Such thinking continued into the 1980s when Qaddafi’s radicalism and maverick attitudes were increasingly notable as he entered into disputes with Tunisia, became hostile to Egypt and interfered in Chad. The Socialist states were also concerned about Libya antagonising other regional players such as the PLO and destabilising the Front of Steadfastness. In tune with these concerns, during his visit to Tripoli in 1980 Zhivkov tried to exert a moderating influence on Qaddafi : he countered strongly-worded distrust of Arafat with admonition against internal conflicts within the Arab movement. 
Indeed, in relation to Libya too, Bulgaria’s leader tried to position himself as a channel to Moscow. On various occasions Zhivkov agreed to convey Libyan requests for Soviet military help – in connection to the issue of Chad in 1976 and to Ethiopia in 1984. It was in the latter meeting that Qaddafi used the Bulgarians to express disappointment with the continued Soviet “lack of understanding of Libya’s situation as the main object of imperialist pressure”. He was also dissatisfied with the Soviet failure to react firmly against the US aggression in Grenada and with the rationale of Soviet policy in the Iran-Iraq war in which the revolutionary potential of Iran was underestimated. Equally, the Soviets used Zhivkov to seek support on matters of importance, most notably that of backing publicly the Soviet entry in Afghanistan.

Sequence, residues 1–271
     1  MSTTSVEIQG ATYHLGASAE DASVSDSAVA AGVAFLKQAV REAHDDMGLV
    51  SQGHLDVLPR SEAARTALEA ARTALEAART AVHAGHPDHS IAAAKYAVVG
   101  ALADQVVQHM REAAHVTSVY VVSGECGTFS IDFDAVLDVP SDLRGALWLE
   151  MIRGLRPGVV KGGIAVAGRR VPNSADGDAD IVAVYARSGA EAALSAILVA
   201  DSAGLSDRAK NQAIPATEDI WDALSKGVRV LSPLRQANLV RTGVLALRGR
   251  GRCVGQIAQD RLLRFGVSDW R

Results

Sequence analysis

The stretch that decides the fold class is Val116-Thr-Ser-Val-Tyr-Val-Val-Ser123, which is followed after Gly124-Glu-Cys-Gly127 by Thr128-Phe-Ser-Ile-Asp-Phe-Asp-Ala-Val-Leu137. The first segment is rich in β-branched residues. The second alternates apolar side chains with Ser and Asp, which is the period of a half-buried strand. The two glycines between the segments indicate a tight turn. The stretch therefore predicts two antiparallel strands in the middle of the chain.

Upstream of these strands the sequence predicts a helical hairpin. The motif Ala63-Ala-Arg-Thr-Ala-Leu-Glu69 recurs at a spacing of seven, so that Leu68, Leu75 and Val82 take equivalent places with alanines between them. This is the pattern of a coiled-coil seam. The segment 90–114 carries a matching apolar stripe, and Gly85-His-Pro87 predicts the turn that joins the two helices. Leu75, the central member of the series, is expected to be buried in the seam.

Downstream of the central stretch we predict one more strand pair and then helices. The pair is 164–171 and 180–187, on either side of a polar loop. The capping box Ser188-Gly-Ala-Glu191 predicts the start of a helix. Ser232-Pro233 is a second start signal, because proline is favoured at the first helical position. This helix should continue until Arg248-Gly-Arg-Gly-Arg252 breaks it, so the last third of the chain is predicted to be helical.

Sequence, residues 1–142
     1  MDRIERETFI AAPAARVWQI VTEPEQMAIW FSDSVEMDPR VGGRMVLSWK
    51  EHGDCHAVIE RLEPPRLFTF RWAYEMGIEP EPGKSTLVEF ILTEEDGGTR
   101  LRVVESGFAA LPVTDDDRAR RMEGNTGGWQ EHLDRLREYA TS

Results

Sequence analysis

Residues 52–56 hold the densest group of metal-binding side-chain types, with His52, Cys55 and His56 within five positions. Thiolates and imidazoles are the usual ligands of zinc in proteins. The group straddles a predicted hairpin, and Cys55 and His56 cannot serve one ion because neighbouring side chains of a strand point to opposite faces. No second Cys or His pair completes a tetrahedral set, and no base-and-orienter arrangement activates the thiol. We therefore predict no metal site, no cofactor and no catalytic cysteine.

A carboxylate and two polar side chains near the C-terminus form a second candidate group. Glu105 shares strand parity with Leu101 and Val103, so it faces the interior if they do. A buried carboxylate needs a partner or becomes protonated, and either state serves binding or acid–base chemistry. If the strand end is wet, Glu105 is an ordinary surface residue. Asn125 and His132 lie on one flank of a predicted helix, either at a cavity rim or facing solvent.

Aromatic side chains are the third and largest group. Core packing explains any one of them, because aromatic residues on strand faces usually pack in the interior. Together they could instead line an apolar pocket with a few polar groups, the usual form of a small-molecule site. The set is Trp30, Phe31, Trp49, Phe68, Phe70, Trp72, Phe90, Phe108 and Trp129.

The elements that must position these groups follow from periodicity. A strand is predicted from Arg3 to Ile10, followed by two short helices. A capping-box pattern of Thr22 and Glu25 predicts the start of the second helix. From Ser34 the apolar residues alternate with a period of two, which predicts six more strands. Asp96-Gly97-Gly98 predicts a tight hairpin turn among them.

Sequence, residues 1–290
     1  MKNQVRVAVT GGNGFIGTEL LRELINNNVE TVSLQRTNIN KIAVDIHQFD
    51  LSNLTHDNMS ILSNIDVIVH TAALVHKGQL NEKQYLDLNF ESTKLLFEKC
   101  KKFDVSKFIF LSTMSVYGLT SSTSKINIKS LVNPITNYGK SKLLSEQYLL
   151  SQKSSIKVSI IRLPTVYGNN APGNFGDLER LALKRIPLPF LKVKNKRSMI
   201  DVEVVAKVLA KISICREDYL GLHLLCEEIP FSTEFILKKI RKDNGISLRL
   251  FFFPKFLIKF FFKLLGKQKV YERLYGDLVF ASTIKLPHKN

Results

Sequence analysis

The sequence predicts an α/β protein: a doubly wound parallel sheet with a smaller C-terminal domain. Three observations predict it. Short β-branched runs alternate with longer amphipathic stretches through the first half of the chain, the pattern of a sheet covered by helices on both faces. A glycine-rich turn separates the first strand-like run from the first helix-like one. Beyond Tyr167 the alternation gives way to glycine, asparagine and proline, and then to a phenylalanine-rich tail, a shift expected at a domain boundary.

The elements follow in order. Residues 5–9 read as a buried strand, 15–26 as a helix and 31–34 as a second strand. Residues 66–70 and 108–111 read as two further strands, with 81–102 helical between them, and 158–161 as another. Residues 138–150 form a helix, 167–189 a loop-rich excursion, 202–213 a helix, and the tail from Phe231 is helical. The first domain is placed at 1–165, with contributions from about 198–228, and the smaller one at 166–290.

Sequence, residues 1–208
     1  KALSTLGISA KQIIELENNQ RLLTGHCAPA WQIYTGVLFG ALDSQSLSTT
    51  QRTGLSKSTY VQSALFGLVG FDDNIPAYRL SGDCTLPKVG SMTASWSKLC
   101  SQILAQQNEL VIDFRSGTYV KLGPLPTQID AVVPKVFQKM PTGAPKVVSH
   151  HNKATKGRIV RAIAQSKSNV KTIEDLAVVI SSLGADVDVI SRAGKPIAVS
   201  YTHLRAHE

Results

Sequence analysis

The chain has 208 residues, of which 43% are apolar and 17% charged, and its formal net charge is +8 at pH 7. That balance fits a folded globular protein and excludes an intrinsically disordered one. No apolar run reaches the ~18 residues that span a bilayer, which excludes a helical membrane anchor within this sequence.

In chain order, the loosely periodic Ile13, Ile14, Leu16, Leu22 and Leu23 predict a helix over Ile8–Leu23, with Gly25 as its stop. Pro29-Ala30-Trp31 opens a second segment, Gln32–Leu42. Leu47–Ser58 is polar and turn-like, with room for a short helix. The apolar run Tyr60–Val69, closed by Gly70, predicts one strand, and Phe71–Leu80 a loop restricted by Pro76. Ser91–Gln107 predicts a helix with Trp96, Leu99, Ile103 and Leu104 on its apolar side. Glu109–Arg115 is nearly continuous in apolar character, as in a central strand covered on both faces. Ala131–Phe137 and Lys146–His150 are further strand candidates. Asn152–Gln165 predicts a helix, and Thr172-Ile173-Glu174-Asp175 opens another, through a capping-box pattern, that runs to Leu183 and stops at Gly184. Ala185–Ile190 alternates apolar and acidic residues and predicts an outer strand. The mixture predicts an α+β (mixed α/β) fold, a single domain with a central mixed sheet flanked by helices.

A certain sign of the general approval of Libya’s overall foreign policy was Zhivkov’s authorisation in 1976 of arms contracts and his readiness to obtain Soviet permission for the sale of the full military assortment produced in Bulgaria. This was helped to no small degree by Libya proposing to pay in much-coveted hard currency. Libyan solvency was explored even further as the Bulgarian side looked for the granting of credits for the needs of the Bulgarian military industry. Indeed, the Bulgarians were eager to “assume positions there before anyone else” and envisaged steps such as the construction of arms production plants in Libya. All of this was justified with the desire to achieve military and political influence and to use Libya as a stepping stone to other countries in the region where further military and political influence was desirable.